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Diary: Learning organisations


DIARYOur new diarist, Tom Boydell explains some of his current work on learning organisations in the social care sector.

I want to start by saying a bit about my background and prior experience. Apart from a short time as a mechanical engineer and a life-changing year with VSO in what was then British Guiana, all my working life has focused on various aspects of learning, training or development within organisations. I particularly like to explore ideas and practices considered, at the time, to be a bit 'way out'. These have included job analysis and competence frameworks – considered daringly radical in the 1960s, self-managed learning and self-development, action learning, Deming and six sigma.

Another such idea has been that of the learning organisation, which seems to be making something of a comeback. I have a visiting post at the University of Lincoln and this month have been busy on an enquiry into organisations in the social care sector that might be said to be learning organisations.

Funded by Skills for Care – the care sector skills council – we are using The Social Care Institute for Excellence framework. This describes characteristics that engender learning throughout – by staff, people who use services and other stakeholders. This learning goes far beyond training – important of course though this be – and includes reflective practice; systematic safe experimentation; innovation; learning from successes and mistakes; networking and partnering across internal and external boundaries; distributed leadership; delegation and engagement at all levels; with an overall emphasis on the prime stakeholders being the people who use the services and their carers and relatives.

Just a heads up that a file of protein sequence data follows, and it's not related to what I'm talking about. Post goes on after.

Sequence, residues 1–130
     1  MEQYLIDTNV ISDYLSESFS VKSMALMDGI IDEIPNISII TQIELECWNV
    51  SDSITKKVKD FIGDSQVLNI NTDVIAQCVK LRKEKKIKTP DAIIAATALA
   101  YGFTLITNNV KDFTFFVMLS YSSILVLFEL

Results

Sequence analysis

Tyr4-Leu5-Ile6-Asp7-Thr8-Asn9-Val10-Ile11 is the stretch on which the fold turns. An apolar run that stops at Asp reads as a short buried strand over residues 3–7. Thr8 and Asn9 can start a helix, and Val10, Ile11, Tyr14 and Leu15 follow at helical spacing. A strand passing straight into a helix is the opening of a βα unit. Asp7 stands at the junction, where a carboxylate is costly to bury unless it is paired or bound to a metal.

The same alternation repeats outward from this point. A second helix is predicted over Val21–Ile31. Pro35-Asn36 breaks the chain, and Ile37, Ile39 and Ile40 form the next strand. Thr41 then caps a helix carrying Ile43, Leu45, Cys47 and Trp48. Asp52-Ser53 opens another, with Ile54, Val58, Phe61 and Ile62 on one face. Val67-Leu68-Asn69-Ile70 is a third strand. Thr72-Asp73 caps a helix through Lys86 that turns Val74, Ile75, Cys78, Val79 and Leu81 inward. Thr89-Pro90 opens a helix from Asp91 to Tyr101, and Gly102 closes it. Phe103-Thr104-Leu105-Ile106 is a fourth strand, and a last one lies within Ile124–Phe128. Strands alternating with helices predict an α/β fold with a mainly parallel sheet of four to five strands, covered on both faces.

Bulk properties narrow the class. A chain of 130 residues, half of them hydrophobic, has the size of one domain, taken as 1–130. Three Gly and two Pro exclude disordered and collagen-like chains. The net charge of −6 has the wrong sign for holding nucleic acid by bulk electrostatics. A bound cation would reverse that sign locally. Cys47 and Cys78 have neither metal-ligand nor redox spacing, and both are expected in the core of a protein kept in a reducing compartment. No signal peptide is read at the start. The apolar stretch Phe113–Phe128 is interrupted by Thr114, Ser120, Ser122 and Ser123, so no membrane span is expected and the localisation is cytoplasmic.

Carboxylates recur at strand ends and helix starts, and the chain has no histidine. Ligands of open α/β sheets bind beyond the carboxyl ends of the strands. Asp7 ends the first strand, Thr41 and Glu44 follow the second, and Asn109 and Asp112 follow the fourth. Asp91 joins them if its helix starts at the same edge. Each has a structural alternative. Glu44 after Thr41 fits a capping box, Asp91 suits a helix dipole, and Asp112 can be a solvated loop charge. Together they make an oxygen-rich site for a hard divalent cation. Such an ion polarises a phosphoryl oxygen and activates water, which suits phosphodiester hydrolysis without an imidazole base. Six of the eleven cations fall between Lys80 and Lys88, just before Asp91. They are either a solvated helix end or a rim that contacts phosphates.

We have found many examples of such learning-filled practice. For example one of them, United Response, provides sheltered tenancies for people who need to communicate through signing, and who also have a number of mental health challenges. A personalised communication chart or 'dictionary' is created for each tenant, explaining what somebody is probably meaning when they say or do something, and how one might usefully respond. For example: "When Tom waves his arms in the air when someone is signing to him it means he needs a pause, so we wait five seconds before continuing."

I think we might learn something rather important from this. Here the resident's 'disability' heightens our awareness of the need to be fully focused and make special efforts when communicating. But in a sense we are all 'disabled', in that I am not able to know what meaning someone else is making from what I am saying or doing, nor what they are intending to make happen by what they say or do. Instead I make huge assumptions about what they are 'hearing', what sense they make of it, why they say and do what they do, and so on. And that's when there are only two of us – it's far more complicated in and between groups and teams!

So, we need to create the equivalent of those personal communication charts – exploring and appreciating the effects of what we say and how we say it, the diverse meanings that we are all making compared with the effects and meanings that we are intending to give.

Such processes - which we term 'relational practice' - are especially needed when we are grappling with what are sometimes referred to as 'complex' or 'wicked' problems – with many diverse stakeholders and where apparent solutions now-and-here tend to cause further problems elsewhere-and-later. As Mike Pedler suggested in his recent inaugural lecture at Henley Business School, we have to create "ways of organising, working and learning that enable resourceful people to engage together in processes of inclusion, learning, exchange and collaboration".

One route to this may be through working in networks. Unfortunately however, we often see attempts to set up what is claimed to be a network and then strenuous efforts made to manage and control it as though it were a conventional hierarchy. This just won't work; we need to create new ways of organising and leading.

To this end we are in the process of establishing a forum or consortium for exploring ways of managing in networks. Over the next few months I hope I will be able to include, in these diary entries, accounts of significant progress with the consortium.

Tom Boydell is director of Inter-Logics, a training consultancy with some 75% of its clients in the public sector

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